GHOST FLEET: A Novel of the Next World War | P.W. Singer & August Cole, William Morrow Publishing (2016), 416p.
Admiral Stavridis called this novel a “startling blueprint;” I call it the scariest book I have read. This pair of authors penned a techno-thriller of a war that China unleashes on the U.S. with startling success, leveraging their technologies to exploit our dependence on porous software and chip components.
As one would expect, Russia is China’s ally. After replacing the U.S. as a dominant world power, they use fear to reduce barriers to energy resources their homeland desperately needs.
As occupiers, the Eastern alliance conducts operations typical within its historical culture, which is to say, without regard for the dignity of human life.
The only thing scarier than the plot narrative is that this book was written eight years ago. It uniquely has 382 endnotes, many linking to the background of the underreported capabilities of now nearly a decade-old technologies. However, like any effective story, it is not the tale of machines but a drama about vivid characters and their human reactions to the events and environment that unfold.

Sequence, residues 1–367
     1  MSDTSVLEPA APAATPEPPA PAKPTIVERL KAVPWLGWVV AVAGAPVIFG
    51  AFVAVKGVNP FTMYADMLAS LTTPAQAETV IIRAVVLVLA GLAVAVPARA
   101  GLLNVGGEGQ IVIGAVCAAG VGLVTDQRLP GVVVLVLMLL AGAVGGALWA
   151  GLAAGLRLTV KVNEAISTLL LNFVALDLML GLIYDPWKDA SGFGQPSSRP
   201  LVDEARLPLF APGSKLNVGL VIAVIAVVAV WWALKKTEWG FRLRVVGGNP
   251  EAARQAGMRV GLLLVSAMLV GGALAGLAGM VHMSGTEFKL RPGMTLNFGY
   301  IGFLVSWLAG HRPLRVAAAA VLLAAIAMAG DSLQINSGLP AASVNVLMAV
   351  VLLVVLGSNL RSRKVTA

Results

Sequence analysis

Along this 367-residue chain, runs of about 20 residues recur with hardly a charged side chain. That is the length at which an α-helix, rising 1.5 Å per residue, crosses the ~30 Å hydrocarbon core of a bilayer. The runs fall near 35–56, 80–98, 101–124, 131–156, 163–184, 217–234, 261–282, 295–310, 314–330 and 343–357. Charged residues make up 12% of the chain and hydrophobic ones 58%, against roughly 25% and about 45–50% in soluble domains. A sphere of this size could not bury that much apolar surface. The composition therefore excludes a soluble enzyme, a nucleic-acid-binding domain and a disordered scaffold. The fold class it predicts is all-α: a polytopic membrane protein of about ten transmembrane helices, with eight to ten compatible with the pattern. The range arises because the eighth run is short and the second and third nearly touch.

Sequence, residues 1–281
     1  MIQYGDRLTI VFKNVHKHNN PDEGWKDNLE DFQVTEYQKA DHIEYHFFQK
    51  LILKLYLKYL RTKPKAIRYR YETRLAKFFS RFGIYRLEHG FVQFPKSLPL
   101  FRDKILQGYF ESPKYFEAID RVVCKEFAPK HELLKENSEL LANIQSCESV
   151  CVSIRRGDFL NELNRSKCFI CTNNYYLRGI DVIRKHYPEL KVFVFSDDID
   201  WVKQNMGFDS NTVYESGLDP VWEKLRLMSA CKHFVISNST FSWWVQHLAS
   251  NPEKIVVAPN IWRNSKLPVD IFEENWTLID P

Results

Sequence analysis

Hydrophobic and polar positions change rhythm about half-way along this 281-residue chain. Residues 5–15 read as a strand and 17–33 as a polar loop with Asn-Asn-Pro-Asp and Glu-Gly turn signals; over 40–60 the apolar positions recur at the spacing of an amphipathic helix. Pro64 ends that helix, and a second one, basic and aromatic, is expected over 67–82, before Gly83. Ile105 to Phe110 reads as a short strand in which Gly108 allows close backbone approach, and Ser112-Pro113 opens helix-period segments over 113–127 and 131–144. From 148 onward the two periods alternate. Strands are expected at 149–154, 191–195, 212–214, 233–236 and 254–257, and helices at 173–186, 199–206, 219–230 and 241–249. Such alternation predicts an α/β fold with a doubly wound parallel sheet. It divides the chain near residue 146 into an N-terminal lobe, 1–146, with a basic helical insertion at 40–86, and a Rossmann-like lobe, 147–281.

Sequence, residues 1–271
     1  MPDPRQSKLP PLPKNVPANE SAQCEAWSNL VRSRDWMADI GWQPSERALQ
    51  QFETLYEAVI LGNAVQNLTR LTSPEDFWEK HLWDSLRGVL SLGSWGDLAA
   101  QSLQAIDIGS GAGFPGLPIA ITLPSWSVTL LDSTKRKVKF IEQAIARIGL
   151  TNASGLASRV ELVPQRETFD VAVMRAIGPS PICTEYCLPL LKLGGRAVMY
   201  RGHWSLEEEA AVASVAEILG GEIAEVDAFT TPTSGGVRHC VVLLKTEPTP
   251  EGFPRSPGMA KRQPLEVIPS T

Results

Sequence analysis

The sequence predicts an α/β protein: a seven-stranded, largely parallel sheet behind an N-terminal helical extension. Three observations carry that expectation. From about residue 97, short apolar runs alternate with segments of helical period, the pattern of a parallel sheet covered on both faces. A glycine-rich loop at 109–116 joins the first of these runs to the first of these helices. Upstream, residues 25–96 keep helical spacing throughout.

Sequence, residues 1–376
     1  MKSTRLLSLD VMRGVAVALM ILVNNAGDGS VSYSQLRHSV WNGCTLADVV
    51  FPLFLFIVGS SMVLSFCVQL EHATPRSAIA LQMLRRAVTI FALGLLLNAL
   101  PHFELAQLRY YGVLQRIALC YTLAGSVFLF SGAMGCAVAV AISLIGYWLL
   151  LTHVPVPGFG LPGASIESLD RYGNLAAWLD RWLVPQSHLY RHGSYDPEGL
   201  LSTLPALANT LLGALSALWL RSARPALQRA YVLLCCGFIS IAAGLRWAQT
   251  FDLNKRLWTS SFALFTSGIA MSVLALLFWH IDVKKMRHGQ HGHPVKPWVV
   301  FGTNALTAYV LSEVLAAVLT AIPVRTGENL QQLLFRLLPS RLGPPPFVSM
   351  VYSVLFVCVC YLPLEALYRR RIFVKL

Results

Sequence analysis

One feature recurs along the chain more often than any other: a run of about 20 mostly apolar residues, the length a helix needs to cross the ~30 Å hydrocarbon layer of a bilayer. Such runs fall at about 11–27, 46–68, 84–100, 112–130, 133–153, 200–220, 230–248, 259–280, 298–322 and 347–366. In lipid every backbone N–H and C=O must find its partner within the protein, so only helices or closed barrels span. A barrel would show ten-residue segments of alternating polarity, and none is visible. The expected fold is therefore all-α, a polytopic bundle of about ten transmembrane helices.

Written with the pacing style of a Tom Clancy novel, it moves quickly and relies upon some extraordinary assumptions. These devices are fundamental to the genre and why we can still consider these pieces fiction. Yet this one engages the imagination strongly enough to ponder if art is - yet again - merely predicting reality.